By accurately assessing the volume of exhaust stack 14, one can determine when exhaust from the engine will reach the sampling point 24 by determining the exhaust volumetric flow rate. Depending upon the circumstances, a variety of components may be a portion of, or positioned in, exhaust stack 14. These might include a turbine 70, and/or a variety of exhaust aftertreatment devices such as exhaust catalysts and their associated hardware 72, a particle trap 74, and possibly even an exhaust gas recirculation system (not shown). The present disclosure contemplates operating the gas sampling system 16 in a manner that accounts for the exhaust time delay in a variety of manners, ranging from relatively crude open loop strategies to, and including, self correcting closed loop strategies as described herein.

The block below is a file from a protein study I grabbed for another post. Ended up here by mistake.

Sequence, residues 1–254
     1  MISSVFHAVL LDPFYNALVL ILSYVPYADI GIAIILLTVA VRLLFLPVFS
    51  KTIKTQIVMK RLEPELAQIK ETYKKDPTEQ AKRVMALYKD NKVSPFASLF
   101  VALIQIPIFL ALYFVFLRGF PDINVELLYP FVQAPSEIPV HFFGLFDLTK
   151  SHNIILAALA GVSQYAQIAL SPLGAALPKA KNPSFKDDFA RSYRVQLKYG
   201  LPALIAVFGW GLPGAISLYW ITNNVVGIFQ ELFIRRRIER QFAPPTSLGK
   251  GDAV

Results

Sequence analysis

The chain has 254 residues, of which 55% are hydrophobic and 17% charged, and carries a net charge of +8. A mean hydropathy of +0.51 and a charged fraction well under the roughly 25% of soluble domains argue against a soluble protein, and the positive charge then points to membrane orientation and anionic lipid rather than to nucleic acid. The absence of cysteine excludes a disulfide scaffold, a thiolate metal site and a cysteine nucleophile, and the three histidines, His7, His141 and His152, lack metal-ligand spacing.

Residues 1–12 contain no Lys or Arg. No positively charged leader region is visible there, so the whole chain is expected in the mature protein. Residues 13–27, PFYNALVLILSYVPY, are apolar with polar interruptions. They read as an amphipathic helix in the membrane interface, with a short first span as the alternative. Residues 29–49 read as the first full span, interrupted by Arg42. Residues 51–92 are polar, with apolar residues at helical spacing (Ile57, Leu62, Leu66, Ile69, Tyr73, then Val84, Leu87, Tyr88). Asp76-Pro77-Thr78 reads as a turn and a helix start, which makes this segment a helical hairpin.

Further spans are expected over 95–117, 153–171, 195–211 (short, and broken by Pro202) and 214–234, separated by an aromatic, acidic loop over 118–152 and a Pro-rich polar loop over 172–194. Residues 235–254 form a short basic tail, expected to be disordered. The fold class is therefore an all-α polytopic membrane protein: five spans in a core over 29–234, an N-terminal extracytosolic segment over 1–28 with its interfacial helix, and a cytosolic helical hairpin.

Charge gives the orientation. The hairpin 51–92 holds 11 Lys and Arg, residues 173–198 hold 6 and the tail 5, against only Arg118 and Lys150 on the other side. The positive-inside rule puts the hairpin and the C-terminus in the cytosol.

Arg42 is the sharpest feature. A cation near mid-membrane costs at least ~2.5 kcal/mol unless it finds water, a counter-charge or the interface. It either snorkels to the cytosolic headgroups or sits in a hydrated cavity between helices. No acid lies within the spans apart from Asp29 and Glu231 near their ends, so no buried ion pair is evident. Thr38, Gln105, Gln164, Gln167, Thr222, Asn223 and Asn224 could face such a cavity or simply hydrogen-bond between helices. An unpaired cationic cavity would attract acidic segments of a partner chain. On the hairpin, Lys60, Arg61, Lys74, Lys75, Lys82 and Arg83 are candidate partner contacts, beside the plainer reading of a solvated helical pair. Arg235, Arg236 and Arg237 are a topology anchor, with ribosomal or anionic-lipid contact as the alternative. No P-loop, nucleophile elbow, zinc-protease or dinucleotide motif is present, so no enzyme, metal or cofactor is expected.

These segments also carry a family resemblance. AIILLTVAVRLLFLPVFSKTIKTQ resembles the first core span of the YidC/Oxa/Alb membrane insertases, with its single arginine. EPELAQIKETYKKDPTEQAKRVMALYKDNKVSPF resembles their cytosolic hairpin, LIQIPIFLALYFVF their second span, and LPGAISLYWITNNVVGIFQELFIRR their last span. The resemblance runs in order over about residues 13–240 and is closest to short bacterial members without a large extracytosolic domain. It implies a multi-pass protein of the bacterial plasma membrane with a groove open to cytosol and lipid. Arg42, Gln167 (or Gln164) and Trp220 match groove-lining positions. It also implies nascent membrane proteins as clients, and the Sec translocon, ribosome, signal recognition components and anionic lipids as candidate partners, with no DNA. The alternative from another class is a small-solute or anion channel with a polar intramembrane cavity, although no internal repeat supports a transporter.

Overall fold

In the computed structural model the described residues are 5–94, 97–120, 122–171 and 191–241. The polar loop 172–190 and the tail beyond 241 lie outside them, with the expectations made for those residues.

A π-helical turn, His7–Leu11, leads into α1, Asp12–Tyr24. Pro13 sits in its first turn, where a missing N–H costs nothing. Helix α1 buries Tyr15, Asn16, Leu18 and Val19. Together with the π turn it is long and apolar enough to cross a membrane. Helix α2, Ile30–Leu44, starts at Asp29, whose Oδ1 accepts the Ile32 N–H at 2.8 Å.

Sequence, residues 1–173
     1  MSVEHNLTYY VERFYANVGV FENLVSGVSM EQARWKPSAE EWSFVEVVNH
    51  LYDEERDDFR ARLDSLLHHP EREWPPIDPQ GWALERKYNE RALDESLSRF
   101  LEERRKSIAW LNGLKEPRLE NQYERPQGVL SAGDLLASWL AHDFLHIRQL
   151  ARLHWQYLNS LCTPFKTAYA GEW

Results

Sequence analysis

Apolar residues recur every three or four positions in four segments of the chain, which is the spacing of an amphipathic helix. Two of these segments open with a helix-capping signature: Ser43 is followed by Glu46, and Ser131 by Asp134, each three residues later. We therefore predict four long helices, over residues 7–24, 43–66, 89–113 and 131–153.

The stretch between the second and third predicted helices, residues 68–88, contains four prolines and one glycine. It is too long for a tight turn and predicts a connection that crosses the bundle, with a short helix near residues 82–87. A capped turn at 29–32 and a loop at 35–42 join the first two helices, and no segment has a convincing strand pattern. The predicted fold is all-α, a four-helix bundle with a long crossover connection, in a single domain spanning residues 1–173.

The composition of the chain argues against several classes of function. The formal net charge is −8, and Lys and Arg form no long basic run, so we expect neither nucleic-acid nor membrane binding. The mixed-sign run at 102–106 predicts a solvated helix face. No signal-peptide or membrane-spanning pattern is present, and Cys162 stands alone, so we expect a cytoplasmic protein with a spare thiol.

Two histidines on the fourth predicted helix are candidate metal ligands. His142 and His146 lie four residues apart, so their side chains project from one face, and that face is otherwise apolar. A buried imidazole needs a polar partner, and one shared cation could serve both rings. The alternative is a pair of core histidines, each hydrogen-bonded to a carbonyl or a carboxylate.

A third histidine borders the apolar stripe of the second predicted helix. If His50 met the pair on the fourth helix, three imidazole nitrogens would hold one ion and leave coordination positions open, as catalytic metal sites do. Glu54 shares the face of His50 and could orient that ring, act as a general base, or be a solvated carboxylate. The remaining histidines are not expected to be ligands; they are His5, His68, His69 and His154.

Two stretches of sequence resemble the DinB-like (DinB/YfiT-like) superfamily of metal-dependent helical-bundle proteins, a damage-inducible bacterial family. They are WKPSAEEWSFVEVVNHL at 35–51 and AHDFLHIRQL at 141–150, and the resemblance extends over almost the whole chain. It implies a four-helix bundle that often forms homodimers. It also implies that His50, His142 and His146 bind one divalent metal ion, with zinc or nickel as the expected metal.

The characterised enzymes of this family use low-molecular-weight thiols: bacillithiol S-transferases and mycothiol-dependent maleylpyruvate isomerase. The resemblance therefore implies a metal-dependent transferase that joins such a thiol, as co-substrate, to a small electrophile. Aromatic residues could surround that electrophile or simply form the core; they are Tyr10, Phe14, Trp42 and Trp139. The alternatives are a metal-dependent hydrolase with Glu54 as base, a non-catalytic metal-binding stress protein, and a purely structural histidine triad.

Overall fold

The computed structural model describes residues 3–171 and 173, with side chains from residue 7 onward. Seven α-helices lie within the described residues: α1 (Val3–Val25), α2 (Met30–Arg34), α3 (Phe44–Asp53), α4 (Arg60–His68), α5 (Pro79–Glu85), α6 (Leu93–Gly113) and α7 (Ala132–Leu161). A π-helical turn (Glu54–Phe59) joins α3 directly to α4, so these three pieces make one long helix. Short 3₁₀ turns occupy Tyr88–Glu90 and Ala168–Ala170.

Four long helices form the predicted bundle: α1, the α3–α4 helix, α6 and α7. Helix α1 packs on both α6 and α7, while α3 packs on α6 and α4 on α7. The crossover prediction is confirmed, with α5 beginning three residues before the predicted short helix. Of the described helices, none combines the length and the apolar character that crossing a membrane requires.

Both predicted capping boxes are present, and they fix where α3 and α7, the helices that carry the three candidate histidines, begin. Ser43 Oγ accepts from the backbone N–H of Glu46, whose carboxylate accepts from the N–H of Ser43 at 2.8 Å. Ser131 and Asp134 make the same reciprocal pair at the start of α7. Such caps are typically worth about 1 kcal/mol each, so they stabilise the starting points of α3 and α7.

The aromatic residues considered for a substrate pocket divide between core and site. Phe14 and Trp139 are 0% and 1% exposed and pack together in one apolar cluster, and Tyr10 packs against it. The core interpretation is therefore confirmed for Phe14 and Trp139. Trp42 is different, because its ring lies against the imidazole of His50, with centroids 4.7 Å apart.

In one embodiment, a laminar flow element 50 is positioned in the air intake line 51 upstream from engine 12, 112. A pair of pneumatic lines 52 provide pneumatic signals to a differential pressure transducer 54 and provides information to computer 32 via communication line 56 so that the intake air flow rate can be determined by computer 32. Nevertheless, those skilled in the art will appreciate that any suitable means of determining intake air mass flow rate could be substituted in place of the laminar flow element 50 and differential pressure transducer 54 assembly illustrated, without departing from the intended scope of the present disclosure. Thus, any of a variety of known means can be utilized to enable computer 32 to continuously and/or periodically determine the intake air mass flow rate. In addition, the present disclosure contemplates some means for monitoring the fuel supply rate to engine 12, 112. In the illustrated embodiment, this is accomplished by putting computer 32 in communication with the electronic control module 46 for engine 12, such as via a service tool port, which controls the commanded fuel supply to the engine 12, 112. Thus, ECM 46 relates the current fuel supply conditions to computer 32 via communication line 48. However, the present disclosure also contemplates other known means for determining the instantaneous fuel supply rate to engine 12, 112, such as a fuel flow rate meter appropriately positioned in the fuel supply line in a conventional and known manner. Thus, computer 32 can know at any given time the combined mass flow rate of air and fuel to engine 12, 112.